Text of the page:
Gunn is fly. Rum wouldn't bring me there, where you're going— not rum wouldn't, till I see your born gen'leman and gets it on his word of honor. And you won't forget my words! 'A precious sight' (that's what you'll say), 'a precious sight more confidence'—and then nips him."
And he pinched me the third time with the same air of cleverness.
"And when Ben Gunn is wanted, you know where to find him, Jim. Just wheer you found him to-day. And him that comes is to have a white thing in his hand; and he's to come alone. Oh! and you'll say this: 'Ben Gunn,' says you, 'has reasons of his own.
"Well," said 1, "I believe I understand. You have something to propose, and you wish to see the squire or the doctor; and you're to be found where I found you. Is that all?"
"And when? says you," he added. "Why, from about noon observation to about six bells."
"Good," said I; "and now may I go?"
"You won't forget?" he inquired, anxiously. "Precious sight, and reasons of his own, says you. Reasons of his own; that's the mainstay; as between man and man. Well, then"—still holding me—"I reckon you can go, Jim. And, Jim, if you was to see Silver, you wouldn't go for to sell Ben Gunn ? Wild horses wouldn't draw it from you? No, says you. And if them pirates camp ashore, Jim, what would you say but there'd be widders in the morning?"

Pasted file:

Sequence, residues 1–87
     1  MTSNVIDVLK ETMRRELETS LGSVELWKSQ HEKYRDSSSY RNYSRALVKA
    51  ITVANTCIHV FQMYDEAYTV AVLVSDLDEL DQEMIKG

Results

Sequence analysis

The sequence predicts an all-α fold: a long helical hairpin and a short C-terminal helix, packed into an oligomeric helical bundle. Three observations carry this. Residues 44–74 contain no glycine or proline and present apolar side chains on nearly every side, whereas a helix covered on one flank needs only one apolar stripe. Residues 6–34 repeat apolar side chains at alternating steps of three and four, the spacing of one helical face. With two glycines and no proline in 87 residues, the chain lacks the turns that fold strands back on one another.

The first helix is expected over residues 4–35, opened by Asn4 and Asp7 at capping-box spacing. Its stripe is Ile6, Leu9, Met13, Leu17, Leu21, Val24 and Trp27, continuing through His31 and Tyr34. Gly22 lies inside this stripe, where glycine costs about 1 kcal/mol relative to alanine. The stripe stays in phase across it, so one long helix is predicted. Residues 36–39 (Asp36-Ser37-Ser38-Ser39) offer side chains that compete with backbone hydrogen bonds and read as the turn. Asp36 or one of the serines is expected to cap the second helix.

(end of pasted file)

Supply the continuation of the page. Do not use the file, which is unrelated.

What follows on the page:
Here he was interrupted by a loud report, and a cannon-ball came tearing through the trees and pitched in the sand not a hundred yards from where we two were talking. The next moment each of us had taken to his heels in a different direction.
For a good hour to come frequent reports shook the island and balls kept crashing through the woods. I moved from hiding-place to hiding-place, always pursued, or so it seemed to me, by these terrifying missiles. But toward the end of the bombardment, though still I durst not venture in the direction of the stockade, where the balls fell oftenest, I had begun, in a manner, 11